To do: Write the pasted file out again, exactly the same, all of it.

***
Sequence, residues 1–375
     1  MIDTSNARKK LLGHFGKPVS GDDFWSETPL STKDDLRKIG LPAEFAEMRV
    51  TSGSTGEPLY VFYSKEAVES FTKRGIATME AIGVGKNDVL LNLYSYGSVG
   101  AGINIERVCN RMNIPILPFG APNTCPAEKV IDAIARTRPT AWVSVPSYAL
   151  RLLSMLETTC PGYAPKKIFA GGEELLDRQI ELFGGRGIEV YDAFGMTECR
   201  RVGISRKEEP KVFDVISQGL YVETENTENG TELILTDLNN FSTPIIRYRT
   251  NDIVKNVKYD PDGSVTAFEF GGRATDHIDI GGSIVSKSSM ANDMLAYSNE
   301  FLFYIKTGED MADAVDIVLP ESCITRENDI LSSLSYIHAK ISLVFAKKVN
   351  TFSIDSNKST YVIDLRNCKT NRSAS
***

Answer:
Sequence, residues 1–375
     1  MIDTSNARKK LLGHFGKPVS GDDFWSETPL STKDDLRKIG LPAEFAEMRV
    51  TSGSTGEPLY VFYSKEAVES FTKRGIATME AIGVGKNDVL LNLYSYGSVG
   101  AGINIERVCN RMNIPILPFG APNTCPAEKV IDAIARTRPT AWVSVPSYAL
   151  RLLSMLETTC PGYAPKKIFA GGEELLDRQI ELFGGRGIEV YDAFGMTECR
   201  RVGISRKEEP KVFDVISQGL YVETENTENG TELILTDLNN FSTPIIRYRT
   251  NDIVKNVKYD PDGSVTAFEF GGRATDHIDI GGSIVSKSSM ANDMLAYSNE
   301  FLFYIKTGED MADAVDIVLP ESCITRENDI LSSLSYIHAK ISLVFAKKVN
   351  TFSIDSNKST YVIDLRNCKT NRSAS